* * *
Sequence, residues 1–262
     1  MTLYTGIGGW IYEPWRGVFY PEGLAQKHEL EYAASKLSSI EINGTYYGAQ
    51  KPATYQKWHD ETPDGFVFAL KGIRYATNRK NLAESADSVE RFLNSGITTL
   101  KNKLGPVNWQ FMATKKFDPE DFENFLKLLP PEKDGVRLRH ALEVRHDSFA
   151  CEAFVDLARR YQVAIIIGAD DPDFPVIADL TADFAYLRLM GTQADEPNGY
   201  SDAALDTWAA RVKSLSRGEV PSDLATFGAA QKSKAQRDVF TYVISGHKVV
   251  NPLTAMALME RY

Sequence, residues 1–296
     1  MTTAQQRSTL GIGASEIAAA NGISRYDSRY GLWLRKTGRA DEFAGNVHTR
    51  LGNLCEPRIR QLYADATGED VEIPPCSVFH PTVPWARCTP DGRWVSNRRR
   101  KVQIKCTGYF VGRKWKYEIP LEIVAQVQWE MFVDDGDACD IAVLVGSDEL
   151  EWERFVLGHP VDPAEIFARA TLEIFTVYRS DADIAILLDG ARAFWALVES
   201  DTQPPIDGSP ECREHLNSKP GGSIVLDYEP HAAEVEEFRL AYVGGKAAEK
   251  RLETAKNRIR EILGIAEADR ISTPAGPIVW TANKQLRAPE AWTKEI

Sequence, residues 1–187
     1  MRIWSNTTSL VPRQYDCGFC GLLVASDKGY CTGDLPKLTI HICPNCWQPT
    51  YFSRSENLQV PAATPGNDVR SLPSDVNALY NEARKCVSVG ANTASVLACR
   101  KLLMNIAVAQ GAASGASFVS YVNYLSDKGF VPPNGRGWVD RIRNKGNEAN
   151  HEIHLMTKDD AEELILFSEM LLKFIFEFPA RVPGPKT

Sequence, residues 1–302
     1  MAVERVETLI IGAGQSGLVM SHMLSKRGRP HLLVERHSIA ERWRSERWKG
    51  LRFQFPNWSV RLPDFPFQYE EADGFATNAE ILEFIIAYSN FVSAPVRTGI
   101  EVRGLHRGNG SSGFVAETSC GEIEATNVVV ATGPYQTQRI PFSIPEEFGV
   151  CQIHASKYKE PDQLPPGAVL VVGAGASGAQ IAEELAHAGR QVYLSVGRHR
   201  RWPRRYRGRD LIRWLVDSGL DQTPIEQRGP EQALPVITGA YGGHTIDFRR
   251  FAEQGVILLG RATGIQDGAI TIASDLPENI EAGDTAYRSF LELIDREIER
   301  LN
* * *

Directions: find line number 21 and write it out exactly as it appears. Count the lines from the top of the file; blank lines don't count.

     1  MAVERVETLI IGAGQSGLVM SHMLSKRGRP HLLVERHSIA ERWRSERWKG